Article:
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It is not unusual for the Dunedin City Council to be criticised for doing its job, but discussion and debate are more constructive when based on fact.
Despite what some may say, the city council is doing a good job smoothing the way for appropriate development in the city. There are very good reasons for rules about what people can and cannot do. Councils have a legal responsibility to manage issues so people are not put at risk and environmental values aren't compromised.
Resource and building consent processes keep the community safe and protect the integrity of our district plan rules.
Consent processes are always difficult to manage because of the wide fluctuation in volume, but for some time, processing times for both building and resource consent applications have been at excellent levels and staff are continuing to do their best to provide a good service for applicants.
The unsubstantiated criticism of council processes by former councillor Hilary Calvert in ODT columns does her no credit. Despite extensive interaction with staff, and being provided with full information, she unfortunately chose to pen a fantasy based on her own failure to provide adequate plans and information for her own building project. So, let's have some facts.
A record number of building consent applications continues to be received in Dunedin, and for the past 18 months to May 2018, the building services team has delivered unprecedented results.
Compared with the statutory 20 working days to process a consent, on average, applications have taken only 11 days. A total of 4057 (99.2%) consents have been processed within the 20-day timeframe.
The team knows that exciting development projects in the city, such as the new hospital, mean an even busier time is coming. Staff are planning for this and are continuing to manage challenges, such as being able to recruit and retain the right staff. Timely processing of very large consents such as the dental school rebuild and the strengthening of the historic courthouse demonstrate our capacity to deliver, and deliver on time.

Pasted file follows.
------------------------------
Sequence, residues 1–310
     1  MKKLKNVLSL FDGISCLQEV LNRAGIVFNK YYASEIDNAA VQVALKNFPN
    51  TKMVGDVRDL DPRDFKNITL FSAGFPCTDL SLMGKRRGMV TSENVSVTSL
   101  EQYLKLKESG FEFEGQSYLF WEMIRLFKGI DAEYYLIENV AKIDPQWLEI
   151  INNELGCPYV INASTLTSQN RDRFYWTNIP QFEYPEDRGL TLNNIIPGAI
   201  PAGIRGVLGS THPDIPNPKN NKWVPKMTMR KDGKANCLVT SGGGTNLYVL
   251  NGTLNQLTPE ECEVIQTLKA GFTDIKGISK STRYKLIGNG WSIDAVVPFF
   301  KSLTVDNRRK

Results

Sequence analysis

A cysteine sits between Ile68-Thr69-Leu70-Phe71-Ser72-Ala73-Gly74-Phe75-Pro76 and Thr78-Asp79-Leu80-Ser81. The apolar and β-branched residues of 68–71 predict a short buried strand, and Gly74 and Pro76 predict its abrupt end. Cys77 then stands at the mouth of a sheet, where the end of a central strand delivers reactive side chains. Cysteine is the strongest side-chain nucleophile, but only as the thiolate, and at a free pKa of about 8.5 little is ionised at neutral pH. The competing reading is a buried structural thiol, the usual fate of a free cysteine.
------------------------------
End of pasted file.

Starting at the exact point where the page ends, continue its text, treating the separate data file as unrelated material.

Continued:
If you are thinking of applying for building consent, the first step is to get good advice by visiting the DCC website (www.dunedin.govt.nz), talking to one of the building officers in the Civic Centre, or discussing your project with a professional architect or designer.
Sometimes people submit incomplete or inaccurate plans, which means further information is required. This stops the 20 working days timeframe, so make sure you have everything that is needed so you do not face delays.
The district plan does provide for houses to be built as of right if they comply with some simple performance standards e.g. yard sizes, maximum height and site coverage.
In 2015-16, around nine out of 10 new homes did not need resource consent. Because most houses do not need a resource consent, there is no cost. For those that did, in 2015-16, a resource consent for a new dwelling cost $931 on average (0.26% of a building cost of $360,000 for a 150sq m average house). These figures changed very little in the past financial year.
Dunedin residential zone requirements are very similar to those of the Clutha district plan. If what you plan for your house, garage or shed breaches a rule, but the neighbour affected by the change is fine with it, it is very likely consent will be granted.
And by the way, both the industrial park development at the south end of Balclutha and the residential development on the hill at the north end of town are council owned and funded. The Clutha council is taking the lead on that because private developers were not.
We do not keep specific records of complaints, but any concerns raised are considered and responded to. For well over a decade we surveyed each applicant receiving a decision and this information was used to improve our processes.
The resource consents team keeps a lot of information and the national monitoring process means the team answers about 60 questions for each application. Staff work hard to provide an efficient and professional service. Applicants can help speed things up by taking advantage of free pre-application meetings, considering using a professional and including all relevant information at the start. It is also wise to build in some flexibility in case extra information is needed.
If you are interested in facts and figures, visit the DCC website for information on costs and the number of resource consent applications.
The Ministry for the Environment website (www.mfe.govt.nz) also has useful information on matters such as the average cost of land use consents and the national monitoring system.
Cr David Benson-Pope is the DCC planning and environment committee chairman.